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February 03, 2011

Universities’ woe over further HEFCE budget cuts

University heads face more hardship following the publication yesterday of the Higher Education Funding Council for England’s letter detailing their financial awards for 2011-12.

The letter confirms the outline figures revealed in the budget guidance which the Department of Business, Innovation and Skills gave HEFCE in December 2010. But the letter to vice chancellors still held some unpleasant surprises—notably that the projected cuts will start to take effect in the current academic year. 

The cuts mean a £27.6 million, or 1.7 per cent, reduction in the research budget and a £162 million, or 3.5 per cent, cut in funding for teaching.

The university leaders had expected bad news. But they were disappointed by this further evidence of the challenges facing them. Their responses expressed concern about the impact on the country’s research base and economy, warning that the cuts will damage the UK’s ability to pull out of recession.

Science minister David Willetts insisted that the budgetary arrangements would cause only short-term pain. “This is undoubtedly a year of transition for universities. Higher Education, like other areas of public spending, has had to take its share of savings but we have asked HEFCE to protect the teaching funding budget as far as possible,” he said.

Willetts predicted that university income would increase by 10 per cent by 2014-15 as the effects of the tuition-fee reforms began to take effect. He also noted that, “the HE sector will continue to benefit from sustained ring-fenced investment in science and research.”

However, there was concern about the effects of the reduced budget even among institutions expected to benefit most from the funding changes that Willetts’ hopes will give them long-term stability.

Wendy Piatt, director general of the Russell Group of universities said: “Many of our competitors are pumping billions into research and higher education, and our leading universities are already under-resourced in comparison with our international competitors. Maintaining the quality of England’s world-class universities is essential if the country is to work and think its way back to economic growth.”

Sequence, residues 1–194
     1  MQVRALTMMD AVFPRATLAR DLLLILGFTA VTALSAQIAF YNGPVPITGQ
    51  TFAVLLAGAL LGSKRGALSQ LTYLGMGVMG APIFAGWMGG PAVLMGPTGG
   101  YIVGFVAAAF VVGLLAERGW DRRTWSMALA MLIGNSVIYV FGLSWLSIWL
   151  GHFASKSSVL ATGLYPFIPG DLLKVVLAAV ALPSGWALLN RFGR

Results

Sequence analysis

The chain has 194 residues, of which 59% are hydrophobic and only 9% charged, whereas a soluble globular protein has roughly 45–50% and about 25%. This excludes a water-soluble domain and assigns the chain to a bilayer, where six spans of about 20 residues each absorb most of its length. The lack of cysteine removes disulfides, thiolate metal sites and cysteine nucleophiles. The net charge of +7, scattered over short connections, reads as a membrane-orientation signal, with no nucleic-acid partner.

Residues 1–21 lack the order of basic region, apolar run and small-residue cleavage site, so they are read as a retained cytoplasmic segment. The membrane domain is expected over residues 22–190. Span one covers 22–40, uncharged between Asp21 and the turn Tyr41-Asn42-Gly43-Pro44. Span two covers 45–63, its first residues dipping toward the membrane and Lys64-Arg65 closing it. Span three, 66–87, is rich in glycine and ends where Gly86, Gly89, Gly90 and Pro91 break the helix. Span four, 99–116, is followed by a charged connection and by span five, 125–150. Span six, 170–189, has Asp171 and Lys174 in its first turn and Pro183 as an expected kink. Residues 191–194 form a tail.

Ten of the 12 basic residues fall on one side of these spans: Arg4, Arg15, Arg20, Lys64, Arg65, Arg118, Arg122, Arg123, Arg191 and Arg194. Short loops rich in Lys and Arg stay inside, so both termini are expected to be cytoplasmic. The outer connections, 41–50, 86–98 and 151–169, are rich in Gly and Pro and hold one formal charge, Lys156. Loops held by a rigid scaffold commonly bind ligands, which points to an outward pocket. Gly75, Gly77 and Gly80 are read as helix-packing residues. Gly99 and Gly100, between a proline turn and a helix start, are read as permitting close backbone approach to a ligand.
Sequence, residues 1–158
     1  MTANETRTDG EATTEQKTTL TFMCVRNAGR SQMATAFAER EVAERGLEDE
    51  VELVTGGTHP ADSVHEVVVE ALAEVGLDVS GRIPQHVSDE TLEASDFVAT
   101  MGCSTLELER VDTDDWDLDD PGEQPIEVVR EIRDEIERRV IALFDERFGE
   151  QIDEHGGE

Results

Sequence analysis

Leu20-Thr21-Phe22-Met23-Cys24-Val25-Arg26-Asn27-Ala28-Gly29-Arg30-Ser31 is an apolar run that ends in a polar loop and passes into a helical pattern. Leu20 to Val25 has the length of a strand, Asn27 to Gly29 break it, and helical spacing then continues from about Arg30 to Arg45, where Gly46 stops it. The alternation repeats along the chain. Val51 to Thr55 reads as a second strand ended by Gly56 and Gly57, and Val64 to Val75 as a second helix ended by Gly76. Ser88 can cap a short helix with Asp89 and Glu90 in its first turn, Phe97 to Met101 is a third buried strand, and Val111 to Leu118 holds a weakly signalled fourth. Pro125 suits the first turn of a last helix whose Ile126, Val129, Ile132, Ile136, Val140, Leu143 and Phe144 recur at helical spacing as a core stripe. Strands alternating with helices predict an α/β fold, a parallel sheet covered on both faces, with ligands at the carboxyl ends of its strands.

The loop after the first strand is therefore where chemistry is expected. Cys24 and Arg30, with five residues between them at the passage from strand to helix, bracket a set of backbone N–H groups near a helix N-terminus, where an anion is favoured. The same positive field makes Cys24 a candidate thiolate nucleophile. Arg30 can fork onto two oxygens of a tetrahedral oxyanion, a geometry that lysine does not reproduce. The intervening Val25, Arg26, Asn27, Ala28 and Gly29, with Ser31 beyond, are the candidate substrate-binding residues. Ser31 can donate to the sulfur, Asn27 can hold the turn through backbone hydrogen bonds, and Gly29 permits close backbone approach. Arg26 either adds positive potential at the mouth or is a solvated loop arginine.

Libby Ashton, director of the Universities Alliance, expressed similar fears. “We’re now starting to see what these cuts mean for universities. While we support HEFCE’s approach to managing the reduced allocation, we must again question whether the total level of public and private investment in universities is sufficient.”

She pointed out that the UK is one of the only OECD countries reducing investment in science. “Government must lead the race to the top and not let the UK fall into the race to the bottom.”

Paul Marshall, executive director of the 1994 group of institutions, warned that cutting research spending sent out the wrong signal to international investors and that the withdrawal of Pfizer’s research effort from the UK announced on the same day could be the first of many. “The 1994 Group calls on the Government to come forward with a plan for growth that fully supports university research and the benefits it brings to the UK economy,” he said.

Sally Hunt, general secretary of the University and College Union was also dismayed by the likely impact of research budget cuts on employment opportunities for UK scientists. “This is yet another slap in the face for a sector already reeling from huge cuts to its funding. The government is in complete denial if thinks that UK universities can deliver more for less,” she said.

Only one observer could take see some positive news in a generally gloomy prospect. Phil Willis, chair of the Association of Medical Research Charities, noted that charity funding was an increasingly important element in the university research budget. The AMRC’s 125 members spent £1.1 billion on medical and health research in the UK last year with 80 per cent going to universities.

So “we welcome the news that HEFCE has protected and maintained the Charity Research Support Fund (CRSF).  Our evidence is that charities are working in an increasingly difficult fundraising environment with cuts in public expenditure adding to the pressures on them. HEFCE’s announcement represents an important incentive to maintaining their investment in research going forward,” he said.

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